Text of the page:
Born Percy Chapman to a single mother in the projects of Queens, NY, Tragedy Khadafi grew up surrounded by music, and even though his childhood was tough, he found inspiration in it.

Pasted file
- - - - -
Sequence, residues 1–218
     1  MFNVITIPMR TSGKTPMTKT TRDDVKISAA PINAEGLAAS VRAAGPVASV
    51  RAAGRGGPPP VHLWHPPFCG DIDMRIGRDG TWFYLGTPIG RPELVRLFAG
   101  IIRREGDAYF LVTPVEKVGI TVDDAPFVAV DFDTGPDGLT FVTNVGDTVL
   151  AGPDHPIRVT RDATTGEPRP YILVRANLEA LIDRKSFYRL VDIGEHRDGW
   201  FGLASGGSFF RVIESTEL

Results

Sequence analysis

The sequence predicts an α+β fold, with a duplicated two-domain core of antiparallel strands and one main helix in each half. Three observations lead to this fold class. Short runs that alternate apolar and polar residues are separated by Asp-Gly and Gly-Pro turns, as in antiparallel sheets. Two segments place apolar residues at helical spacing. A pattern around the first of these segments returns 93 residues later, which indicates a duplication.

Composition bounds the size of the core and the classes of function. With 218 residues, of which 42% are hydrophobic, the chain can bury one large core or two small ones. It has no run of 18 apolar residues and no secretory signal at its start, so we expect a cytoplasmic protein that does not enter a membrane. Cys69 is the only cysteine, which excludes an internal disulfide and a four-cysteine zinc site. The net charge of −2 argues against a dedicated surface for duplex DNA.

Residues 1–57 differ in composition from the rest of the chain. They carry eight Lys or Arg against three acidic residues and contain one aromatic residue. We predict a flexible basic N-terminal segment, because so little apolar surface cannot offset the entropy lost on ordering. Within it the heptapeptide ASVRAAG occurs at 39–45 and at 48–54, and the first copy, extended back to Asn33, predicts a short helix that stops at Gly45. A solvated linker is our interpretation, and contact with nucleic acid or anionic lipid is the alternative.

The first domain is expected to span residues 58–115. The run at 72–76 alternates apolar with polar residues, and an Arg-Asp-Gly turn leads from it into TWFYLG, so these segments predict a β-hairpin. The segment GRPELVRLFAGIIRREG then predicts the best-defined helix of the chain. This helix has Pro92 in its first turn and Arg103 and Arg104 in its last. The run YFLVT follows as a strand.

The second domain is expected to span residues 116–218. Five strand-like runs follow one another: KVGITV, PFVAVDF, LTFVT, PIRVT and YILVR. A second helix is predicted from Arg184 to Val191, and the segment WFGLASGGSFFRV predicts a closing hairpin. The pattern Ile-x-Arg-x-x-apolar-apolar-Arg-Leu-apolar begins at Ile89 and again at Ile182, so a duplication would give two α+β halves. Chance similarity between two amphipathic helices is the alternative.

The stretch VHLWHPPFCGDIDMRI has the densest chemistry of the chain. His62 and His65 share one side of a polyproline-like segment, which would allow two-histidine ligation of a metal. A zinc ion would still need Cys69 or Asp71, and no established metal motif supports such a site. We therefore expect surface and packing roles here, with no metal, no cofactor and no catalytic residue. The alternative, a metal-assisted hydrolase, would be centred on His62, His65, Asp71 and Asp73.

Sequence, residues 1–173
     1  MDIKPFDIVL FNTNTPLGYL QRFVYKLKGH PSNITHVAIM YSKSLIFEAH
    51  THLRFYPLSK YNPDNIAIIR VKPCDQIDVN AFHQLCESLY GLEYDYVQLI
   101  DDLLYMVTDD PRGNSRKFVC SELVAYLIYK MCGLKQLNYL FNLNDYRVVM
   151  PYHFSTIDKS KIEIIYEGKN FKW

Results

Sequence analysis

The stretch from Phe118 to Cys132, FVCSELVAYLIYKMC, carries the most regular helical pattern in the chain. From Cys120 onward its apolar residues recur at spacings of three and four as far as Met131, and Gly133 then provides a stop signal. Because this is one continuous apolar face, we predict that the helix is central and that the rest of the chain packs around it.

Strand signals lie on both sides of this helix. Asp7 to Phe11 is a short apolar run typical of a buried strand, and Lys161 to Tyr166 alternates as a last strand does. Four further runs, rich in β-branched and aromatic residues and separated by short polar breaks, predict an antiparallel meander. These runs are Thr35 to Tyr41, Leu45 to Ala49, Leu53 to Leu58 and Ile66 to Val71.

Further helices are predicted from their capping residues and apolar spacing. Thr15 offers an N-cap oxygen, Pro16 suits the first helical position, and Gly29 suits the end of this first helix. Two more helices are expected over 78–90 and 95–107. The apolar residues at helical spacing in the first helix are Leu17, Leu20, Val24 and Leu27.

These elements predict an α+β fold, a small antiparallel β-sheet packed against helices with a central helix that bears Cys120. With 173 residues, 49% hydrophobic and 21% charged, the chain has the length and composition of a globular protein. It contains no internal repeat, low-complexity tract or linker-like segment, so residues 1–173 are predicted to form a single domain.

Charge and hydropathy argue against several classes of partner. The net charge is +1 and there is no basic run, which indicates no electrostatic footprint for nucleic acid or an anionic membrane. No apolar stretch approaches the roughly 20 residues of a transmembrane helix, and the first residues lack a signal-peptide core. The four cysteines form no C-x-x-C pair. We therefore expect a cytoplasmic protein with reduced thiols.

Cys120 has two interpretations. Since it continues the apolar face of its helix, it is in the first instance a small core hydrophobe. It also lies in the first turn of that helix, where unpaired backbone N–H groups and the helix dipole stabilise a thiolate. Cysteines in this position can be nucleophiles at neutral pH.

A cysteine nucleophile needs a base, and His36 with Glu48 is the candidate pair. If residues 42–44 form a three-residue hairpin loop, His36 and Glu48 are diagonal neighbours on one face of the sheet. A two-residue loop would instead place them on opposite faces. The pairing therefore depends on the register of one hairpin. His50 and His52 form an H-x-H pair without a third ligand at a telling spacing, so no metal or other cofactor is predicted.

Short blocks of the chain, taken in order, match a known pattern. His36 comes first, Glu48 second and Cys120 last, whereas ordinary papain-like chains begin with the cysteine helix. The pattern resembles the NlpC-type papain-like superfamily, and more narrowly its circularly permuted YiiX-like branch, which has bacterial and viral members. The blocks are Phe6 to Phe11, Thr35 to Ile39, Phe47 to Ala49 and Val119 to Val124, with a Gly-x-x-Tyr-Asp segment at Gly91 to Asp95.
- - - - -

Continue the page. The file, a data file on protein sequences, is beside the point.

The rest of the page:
When he was nine years old he first heard hip-hop, which itself was just beginning to develop in the South Bronx and other New York neighborhoods. It was when he heard LL Cool J's "Rock the Bells," however, at a community function in Astoria that Chapman knew that he wanted to rap, too. Calling himself Jadeski, he hooked up with DJ Hot Day and, as the Superkids, they self-released a couple of songs in 1986. These caught the ear of Marley Marl, who eventually ended up encouraging Chapman to split from Hot Day and join his influential group, the Juice Crew. He recorded some tracks for Marley's 1988 album, In Control ("The Rebel," "Live Motivator"), but before he could see their release he was sent to the Elmira Correctional Facility for three years, at just 16 years old. While in jail, Chapman began reading the work of Malcolm X and upon his release he entered community college with the intention of studying black history; he was still interested in hip-hop, but he wasn't planning on pursuing music as a career. However, after meeting Joe Fatal at a show, Chapman was convinced by the MC to get back into rap. Signing with A&M, he released two albums under the name Intelligent Hoodlum, the 1990 self-titled record and 1993's Tragedy: Saga of a Hoodlum. Changing his name to Tragedy Khadafi, the rapper began to work with other artists, even discovering the duo Capone-N-Noreaga on the streets and helping to conceive their spectacular 1997 debut, The War Report. Despite all his accomplishments and talent, the rapper never quite got the recognition that many of his peers did, and his next solo album, Against All Odds, though it was supposed to come out in 1999, was pushed back two years. In 2003 Still Reportin' hit shelves, followed by Thug Matrix in 2005. ~ Marisa Brown, Rovi